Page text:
Tuesday, October 20, 2015


I love when Scarlett O'Hara in Gone with the Wind holds a turnip to the sky and says she will never go hungry again.  Ever.  And I believe her.  Her short proclamation - her manifesto - puts the universe on notice - you won't screw with me that way again.  Forgive the vulgarity, but I think manifestos are extremely helpful.  Once we say something out-loud or in a big way, we draw a line in the sand.  We let the world know, I'm not going to let you treat me that way.

A good friend and I often tell each other in emails that we are going to change something about the way we are living life.  We say it with such conviction that it leaves no doubt that changes will be made.  It doesn't always have to be something big as in, "I'm going to lose 100 pounds and become a Master Pilates instructor by next month".  It can be something small like, "I'm never going to pay full price for cashmere again".  We do this so often, we now end our mini-manifestos with "Turnip!".  I know just what she means.

But sometimes my manifestos are promises I make only to myself.  They are the secret private pledges that no else needs to know.  If I'm unhappy with the way I'm conducting myself, usually because of a goading provocateur, I will often feel a manifesto coming on.  Here I write them as numbered lists, titled all the same:  "MANIFESTO".  I store them in a computer file and if I need to re-read my manifesto for a booster during times of weakness, I print my list and carry it in my bag for a few days.  Inevitably, I align my behavior with my manifesto and life soon becomes better...more balanced...I am in control again.

Recently, I wrote a manifesto because of a nervous laugh I developed in response to someone's ongoing infantile behavior.  I was tired of the off-color jokes that were making me feel less than, and I was afraid my laughing was giving the impression of collusion.  I had forgotten who I was.  A new manifesto came to the rescue (I will not smile when the joke is delivered...I will tell the jokester I am too busy to chat...I will keep myself doing the work at hand...).

Manifestos are also helpful when I am stressed and unfocused.  This almost always happens when others' expectations of me are simply too high.  By exhibiting the behavior outlined in my manifesto, I discover I have my own important priorities and I forgive myself for not taking on more than my peace of mind allows.  I set the record straight and some boundaries along with it.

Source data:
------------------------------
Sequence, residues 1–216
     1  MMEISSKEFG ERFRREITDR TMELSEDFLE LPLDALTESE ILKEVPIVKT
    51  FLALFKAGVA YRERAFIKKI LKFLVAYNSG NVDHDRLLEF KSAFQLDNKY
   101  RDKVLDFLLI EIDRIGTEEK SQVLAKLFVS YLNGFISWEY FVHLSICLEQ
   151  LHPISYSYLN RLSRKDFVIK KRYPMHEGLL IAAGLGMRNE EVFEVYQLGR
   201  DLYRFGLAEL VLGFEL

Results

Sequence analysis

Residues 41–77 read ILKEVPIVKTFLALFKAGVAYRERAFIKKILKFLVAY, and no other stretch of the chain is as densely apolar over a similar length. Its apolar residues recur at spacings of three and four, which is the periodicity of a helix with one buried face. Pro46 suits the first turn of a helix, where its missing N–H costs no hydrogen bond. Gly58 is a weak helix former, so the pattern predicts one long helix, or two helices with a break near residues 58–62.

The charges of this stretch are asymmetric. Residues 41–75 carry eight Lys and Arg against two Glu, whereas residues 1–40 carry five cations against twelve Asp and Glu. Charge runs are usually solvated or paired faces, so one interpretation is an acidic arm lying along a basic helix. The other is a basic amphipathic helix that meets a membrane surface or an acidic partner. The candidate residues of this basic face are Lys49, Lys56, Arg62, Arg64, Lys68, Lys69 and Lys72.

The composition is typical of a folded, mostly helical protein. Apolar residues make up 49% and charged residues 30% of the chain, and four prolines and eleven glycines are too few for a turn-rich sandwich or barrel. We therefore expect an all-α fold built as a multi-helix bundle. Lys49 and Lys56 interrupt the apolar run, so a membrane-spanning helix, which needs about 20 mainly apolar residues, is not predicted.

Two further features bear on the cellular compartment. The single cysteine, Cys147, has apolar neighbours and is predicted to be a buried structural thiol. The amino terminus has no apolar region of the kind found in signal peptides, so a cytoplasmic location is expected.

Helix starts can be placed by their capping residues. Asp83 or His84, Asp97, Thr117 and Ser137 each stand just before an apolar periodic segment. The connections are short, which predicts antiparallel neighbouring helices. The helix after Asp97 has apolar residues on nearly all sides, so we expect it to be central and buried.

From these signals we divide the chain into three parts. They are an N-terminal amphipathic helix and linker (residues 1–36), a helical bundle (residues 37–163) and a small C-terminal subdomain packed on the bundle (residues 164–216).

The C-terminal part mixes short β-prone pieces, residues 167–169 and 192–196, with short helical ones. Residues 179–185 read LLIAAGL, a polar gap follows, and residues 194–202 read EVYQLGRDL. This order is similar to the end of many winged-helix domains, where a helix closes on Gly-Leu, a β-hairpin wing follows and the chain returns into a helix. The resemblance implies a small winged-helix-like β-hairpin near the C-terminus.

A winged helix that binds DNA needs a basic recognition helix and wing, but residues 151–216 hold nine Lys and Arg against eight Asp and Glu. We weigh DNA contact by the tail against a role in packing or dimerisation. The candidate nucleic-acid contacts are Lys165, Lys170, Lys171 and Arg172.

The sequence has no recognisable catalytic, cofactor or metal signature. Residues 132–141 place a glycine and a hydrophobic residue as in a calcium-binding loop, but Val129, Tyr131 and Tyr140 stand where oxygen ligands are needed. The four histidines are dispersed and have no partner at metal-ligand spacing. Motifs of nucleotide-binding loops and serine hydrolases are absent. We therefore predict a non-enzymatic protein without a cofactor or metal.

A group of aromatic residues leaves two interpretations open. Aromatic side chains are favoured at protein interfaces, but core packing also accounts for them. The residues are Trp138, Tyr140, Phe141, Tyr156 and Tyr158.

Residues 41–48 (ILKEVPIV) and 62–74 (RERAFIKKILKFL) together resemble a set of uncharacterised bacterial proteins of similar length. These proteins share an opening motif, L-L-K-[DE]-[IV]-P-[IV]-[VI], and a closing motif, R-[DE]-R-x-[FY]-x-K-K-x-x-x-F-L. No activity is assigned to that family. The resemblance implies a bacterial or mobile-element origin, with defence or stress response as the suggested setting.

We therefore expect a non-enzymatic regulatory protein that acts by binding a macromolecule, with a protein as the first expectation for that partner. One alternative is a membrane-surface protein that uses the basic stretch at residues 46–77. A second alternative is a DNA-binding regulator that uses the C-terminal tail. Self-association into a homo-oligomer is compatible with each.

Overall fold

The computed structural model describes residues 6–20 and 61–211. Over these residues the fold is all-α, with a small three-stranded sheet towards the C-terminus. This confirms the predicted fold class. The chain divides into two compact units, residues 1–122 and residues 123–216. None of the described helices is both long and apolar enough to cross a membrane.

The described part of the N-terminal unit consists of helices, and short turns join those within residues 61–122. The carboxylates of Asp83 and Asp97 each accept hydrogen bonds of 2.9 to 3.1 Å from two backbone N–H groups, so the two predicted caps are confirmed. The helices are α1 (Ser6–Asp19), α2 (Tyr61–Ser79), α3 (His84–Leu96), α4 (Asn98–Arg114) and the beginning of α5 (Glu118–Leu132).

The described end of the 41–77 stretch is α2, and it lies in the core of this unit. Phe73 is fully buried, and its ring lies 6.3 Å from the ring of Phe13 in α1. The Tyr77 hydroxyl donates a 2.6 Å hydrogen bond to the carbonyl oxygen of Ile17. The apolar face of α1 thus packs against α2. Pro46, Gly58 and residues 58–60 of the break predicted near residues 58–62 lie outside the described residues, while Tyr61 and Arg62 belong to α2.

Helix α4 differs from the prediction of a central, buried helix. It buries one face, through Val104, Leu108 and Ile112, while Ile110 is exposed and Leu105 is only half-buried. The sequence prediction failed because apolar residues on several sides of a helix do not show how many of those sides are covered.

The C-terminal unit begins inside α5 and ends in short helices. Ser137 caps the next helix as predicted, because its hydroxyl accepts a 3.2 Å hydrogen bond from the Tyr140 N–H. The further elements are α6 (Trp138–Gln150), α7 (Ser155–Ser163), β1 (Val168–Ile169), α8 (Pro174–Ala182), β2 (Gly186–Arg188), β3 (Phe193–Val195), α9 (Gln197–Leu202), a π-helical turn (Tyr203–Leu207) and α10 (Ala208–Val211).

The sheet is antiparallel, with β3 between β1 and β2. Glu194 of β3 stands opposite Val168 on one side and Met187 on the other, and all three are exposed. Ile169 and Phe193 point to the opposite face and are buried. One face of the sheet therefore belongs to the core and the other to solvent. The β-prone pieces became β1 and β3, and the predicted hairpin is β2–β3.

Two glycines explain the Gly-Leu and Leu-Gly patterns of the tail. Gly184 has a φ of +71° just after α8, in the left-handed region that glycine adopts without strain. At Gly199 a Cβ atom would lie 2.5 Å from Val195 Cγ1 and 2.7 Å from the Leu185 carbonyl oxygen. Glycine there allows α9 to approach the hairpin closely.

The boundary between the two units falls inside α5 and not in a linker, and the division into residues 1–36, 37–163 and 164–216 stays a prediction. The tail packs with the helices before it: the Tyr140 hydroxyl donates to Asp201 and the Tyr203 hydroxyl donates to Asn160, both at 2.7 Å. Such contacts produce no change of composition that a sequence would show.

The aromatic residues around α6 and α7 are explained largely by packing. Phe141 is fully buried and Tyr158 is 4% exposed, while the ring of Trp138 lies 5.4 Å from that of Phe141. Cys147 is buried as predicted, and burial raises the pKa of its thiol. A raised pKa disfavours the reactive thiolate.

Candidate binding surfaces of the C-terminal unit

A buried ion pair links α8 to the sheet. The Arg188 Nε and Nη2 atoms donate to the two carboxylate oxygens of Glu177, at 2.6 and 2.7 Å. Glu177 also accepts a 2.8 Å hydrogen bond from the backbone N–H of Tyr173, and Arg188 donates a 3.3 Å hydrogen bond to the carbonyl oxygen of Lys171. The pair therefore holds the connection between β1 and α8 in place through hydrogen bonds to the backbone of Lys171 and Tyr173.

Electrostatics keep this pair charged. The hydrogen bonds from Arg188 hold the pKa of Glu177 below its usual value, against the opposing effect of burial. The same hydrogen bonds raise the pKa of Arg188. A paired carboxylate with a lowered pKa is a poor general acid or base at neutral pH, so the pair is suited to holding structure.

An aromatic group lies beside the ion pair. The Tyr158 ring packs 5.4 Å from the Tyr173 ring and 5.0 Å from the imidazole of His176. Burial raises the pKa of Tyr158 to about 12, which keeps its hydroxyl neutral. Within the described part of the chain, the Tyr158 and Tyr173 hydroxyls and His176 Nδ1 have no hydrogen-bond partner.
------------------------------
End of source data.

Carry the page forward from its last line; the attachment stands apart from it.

I highly recommend personal manifestos.  Written out carefully and thoughtfully, you may discover that you are really doing ok and that someone else may have imposed their own personal agenda on you.  I WILL stay true to my own beliefs... I WILL practice self-care no matter how much others want me to do...I WILL speak my truth quietly and with dignity...I WILL act in a way that is befitting Anne's granddaughter.  And I WILL take as many bubble baths as humanly possible no matter what the drama-du-jour is.  Turnip!

Monday, October 12, 2015

A Green Dress

When I was young and fresh from college, I took a job working for seven male engineers.  I was shy but they were not.  All were nice men and work was completed, but there was a lot of jockeying and teasing among them and being in a predominately male office, I often felt intimidated.  Looking back, I can see that I was oblivious to any attention they may have given me except for the affected hard time I got whenever I asked for their weekly time sheets on Friday mornings.  But I soon discovered that I was also oblivious to my own charms as well.

Like most of my girlfriends, an alarmingly significant part of my paycheck went to clothes.  I was on my own for the first time and excited by the freedom I had to buy pretty new outfits for work and parties.  I recall a tissue-wool mulberry skirt that gently skimmed my calves. I wore it with a romantic cream chiffon blouse with wide leg-o-mutton sleeves ending in cuffs with two pearl buttons apiece.  I remember several novelty sweaters with feminine details such as embroidered yokes and knit waist ties...and a winter coat - a sweeping nutmeg balmacaan, lined with burnt orange satin as slippery as mercury.

The seven engineers were not impervious to my wardrobe and would often have something to say. But they were innocent casual remarks, such as "I like your shoes".  For the most part, they talked boisterously among themselves and left me to order supplies and type reports for them in the background.

One lunch hour, I ducked into a small shop - an old iconic place in town. It was there that I spotted a beautiful silky green dress as fresh as a lawn of lush summer grass.  The knowing and grandmotherly saleswoman insisted I try it on and when I did, I was a goner.  Its chaste puffed sleeves belied a curvaceous line and beguiling teeny buttons ran from neckline to hem.  The moire silk winked with a now-you-see-it-now-you-don't allure and it made a faint but fetching swishing sound when I walked.  It seemed a very rare garment and I bought it.

When I wore my new dress to the office the next morning, I noticed my engineers were uncharacteristically subdued.  After removing the plastic cover from my typewriter, I glanced behind me to see if they were actually in the office.  Startled, I saw seven pairs of eyes upon me.  Just as my face registered growing confusion, one finally spoke with a voice uncharacteristically thick with uncertainty. "Are we in green today, Miss Macdonald?", he quietly asked.